Never ever watch smaller teams. Of the 3 nearest to me, Trafford FC get about 250 a game, Salford City get around 3500 and FC United get around 1500. (you can guess why I dont watch local footy). I never went to watch Kirkby Town, Skem Utd, Marine or Tranmere when I was younger either.

This is the same group who can't get VAR correct and you're expecting them to get streaming correct. lol

What has VAR got to do with this? :butt

Cameras are at every ground every game anyway. The only worries Amazon have for this week is if the hardware and infrastructure can cope with the load. Seeing as they tend to have between 4 and 6 3pm kickoffs on a Saturday, then load shouldn't be an issue. Every premier league game is already being streamed around the world anyway.

Offline lfc79

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I would have thought the answer would be for each club to get a fixed number of sat 3pm kick off's / games moved to non TV Sunday due to Europe and then a separate package launched for each clubs games for a one off fee say at least 8 games for £50 and not make them available to pubs or commercial venues.

It would never end up with many top of the table clashes and would have not impact on causal fans going to lower league games as having to pay for entire season of game you would only do it for your club.

if there are people who would like to watch Liverpool's 3pm games but can't get tickets or travel to away games why should they be denied the choice.

Online robbed 1966 yorkies from kids' selection boxes

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I posted my thoughts on the previous page.

The reason I asked is, people seem to be pretty confident that it won't affect attendance at smaller clubs, and I'm wondering whether that's based on any experience or if it's coming from being in a bit of a big club bubble.

I would say those who go are in the main supporters of the club anyway and would go no matter what - Utd or City being home doesn't seem to affect the local teams by me. I know supporters of Northampton and Luton who wouldn't not go just because there was a Premier League game on the telly. I doubt the numbers who go to watch Prem footy and then non league alternate weeks is that big anyway, even at local level its £10 to get in, you are looking at £20-25 higher up, which  is a lot over a season.

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I posted my thoughts on the previous page.

The reason I asked is, people seem to be pretty confident that it won't affect attendance at smaller clubs, and I'm wondering whether that's based on any experience or if it's coming from being in a bit of a big club bubble.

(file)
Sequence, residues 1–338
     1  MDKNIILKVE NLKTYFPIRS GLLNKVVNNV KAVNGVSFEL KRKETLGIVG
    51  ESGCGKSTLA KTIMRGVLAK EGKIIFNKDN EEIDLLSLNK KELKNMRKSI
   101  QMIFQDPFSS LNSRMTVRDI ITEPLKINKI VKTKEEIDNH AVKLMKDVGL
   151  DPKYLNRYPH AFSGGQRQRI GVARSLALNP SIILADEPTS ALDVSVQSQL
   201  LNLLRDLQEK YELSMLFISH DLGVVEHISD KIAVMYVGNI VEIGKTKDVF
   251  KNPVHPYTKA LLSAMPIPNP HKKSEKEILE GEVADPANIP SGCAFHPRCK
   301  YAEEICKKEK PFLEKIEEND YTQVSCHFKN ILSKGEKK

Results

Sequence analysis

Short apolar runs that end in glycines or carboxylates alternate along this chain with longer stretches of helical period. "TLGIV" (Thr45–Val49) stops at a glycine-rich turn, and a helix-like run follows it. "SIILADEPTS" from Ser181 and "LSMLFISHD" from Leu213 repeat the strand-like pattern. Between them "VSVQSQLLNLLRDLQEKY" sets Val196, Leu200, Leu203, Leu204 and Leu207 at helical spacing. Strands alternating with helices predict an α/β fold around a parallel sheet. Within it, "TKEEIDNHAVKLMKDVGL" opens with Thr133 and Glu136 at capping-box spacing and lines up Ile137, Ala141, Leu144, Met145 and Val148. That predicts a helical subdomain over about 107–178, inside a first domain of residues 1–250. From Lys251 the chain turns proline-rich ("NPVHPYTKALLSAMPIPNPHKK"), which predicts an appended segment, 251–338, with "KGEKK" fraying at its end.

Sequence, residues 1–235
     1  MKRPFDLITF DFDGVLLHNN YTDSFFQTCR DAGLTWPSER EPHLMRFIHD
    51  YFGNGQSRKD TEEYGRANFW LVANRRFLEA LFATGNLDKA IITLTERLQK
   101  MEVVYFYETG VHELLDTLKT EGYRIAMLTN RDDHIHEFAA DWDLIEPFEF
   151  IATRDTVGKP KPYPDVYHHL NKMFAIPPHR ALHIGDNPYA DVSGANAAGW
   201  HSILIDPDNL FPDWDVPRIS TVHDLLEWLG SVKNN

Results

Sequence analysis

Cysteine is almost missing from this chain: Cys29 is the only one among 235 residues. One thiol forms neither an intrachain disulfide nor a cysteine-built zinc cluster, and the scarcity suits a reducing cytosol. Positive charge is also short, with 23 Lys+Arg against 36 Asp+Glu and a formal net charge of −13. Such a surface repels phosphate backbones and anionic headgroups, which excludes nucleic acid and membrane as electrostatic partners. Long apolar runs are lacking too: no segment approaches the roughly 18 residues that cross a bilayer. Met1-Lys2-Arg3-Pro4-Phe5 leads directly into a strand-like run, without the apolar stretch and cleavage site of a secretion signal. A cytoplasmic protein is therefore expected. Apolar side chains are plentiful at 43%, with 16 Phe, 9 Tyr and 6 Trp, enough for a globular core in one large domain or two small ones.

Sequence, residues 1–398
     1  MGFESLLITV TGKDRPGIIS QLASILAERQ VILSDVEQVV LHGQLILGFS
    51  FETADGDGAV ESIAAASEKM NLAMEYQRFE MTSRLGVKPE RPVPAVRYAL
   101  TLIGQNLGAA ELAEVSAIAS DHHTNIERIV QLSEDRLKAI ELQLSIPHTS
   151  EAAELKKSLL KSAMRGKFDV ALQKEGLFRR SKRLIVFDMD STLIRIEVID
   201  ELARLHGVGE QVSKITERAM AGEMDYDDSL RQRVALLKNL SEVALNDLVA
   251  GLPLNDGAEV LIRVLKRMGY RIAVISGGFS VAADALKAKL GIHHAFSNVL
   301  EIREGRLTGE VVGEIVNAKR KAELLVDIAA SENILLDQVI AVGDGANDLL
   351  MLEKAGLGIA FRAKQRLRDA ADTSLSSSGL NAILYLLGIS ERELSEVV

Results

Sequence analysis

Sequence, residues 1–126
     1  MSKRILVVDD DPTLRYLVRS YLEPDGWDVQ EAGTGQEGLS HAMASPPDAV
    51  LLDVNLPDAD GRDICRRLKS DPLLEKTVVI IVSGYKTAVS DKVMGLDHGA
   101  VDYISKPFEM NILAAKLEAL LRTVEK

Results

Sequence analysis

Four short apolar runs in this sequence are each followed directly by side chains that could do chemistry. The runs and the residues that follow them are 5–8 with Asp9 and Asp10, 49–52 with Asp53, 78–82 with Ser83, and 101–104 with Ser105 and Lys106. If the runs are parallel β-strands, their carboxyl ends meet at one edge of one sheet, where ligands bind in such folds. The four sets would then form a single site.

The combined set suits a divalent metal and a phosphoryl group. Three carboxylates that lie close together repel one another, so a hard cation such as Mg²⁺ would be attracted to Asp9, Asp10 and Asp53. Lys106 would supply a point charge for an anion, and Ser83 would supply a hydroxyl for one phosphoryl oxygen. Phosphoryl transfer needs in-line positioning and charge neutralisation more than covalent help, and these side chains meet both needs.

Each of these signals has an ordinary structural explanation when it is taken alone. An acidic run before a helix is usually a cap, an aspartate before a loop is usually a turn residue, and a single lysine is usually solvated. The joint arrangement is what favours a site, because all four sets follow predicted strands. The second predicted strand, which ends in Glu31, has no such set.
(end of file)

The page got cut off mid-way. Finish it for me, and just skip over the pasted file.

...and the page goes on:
Guess the question is for those attending the small clubs at 3pm on Saturdays. If a TV game was on, would they still go?

Can probably look at attendances midweek for EFL games when TV games are on compared to when they aren't on.

https://www.lancaster.ac.uk/media/lancaster-university/content-assets/documents/lums/economics/working-papers/AttendanceDemand.pdf

This paper, although slightly dated suggests that live games had little impact on the Championship, a 10% impact on League One and a 5% impact on league Two. League one clubs supposedly lost between £11,000 and £17,000 in match day revenue.
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Offline lfc79

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I think the worry for smaller clubs is fans won't turn up for a 3pm kick off if Sky were showing Liverpool v Man City or possibly Barc v madrid, but if its Brighton v Liverpool the only ones who might stay away to watch are going to be die hard fans of those clubs and why should they not get the choice.

Online robbed 1966 yorkies from kids' selection boxes

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I think the worry for smaller clubs is fans won't turn up for a 3pm kick off if Sky were showing Liverpool v Man City or possibly Barc v madrid, but if its Brighton v Liverpool the only ones who might stay away to watch are going to be die hard fans of those clubs and why should they not get the choice.

Every game is on a stream anyway, so I feel its more that there is a trick being missed to get those doing it to watch a legal version. I watched us v Brighton on Saturday on a stream, as I did Villa away and most other games - she wanted to watch her lot on Sunday and as I had no interest in watching the bitters I plugged the laptop into the telly and found a boss stream, no buffering, clear as day picture. It was American, so at half time it was all American adverts and American pundits, but the comms were Lee Dixon and some English fella I'd heard before.

Offline Lusty

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Guess the question is for those attending the small clubs at 3pm on Saturdays. If a TV game was on, would they still go?

Can probably look at attendances midweek for EFL games when TV games are on compared to when they aren't on.

https://www.lancaster.ac.uk/media/lancaster-university/content-assets/documents/lums/economics/working-papers/AttendanceDemand.pdf

This paper, although slightly dated suggests that live games had little impact on the Championship, a 10% impact on League One and a 5% impact on league Two. League one clubs supposedly lost between £11,000 and £17,000 in match day revenue.

I'm thinking more non league than EFL.  My observation is that most people who attend those games have a 'big' club they normally support, but drift in and out of the local team when they're at a loose end.

Purely my observation and I might be wrong overall, but I think there's afternoons where, if Liverpool were on the telly, I probably wouldn't bother going down to the local team.

Offline 4pool

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Is it?

You missed the point..you want those who decided on VAR, set the rules for VAR, the problems with VAR, the decision making at the top, etc...these are the same people who will oversee streaming.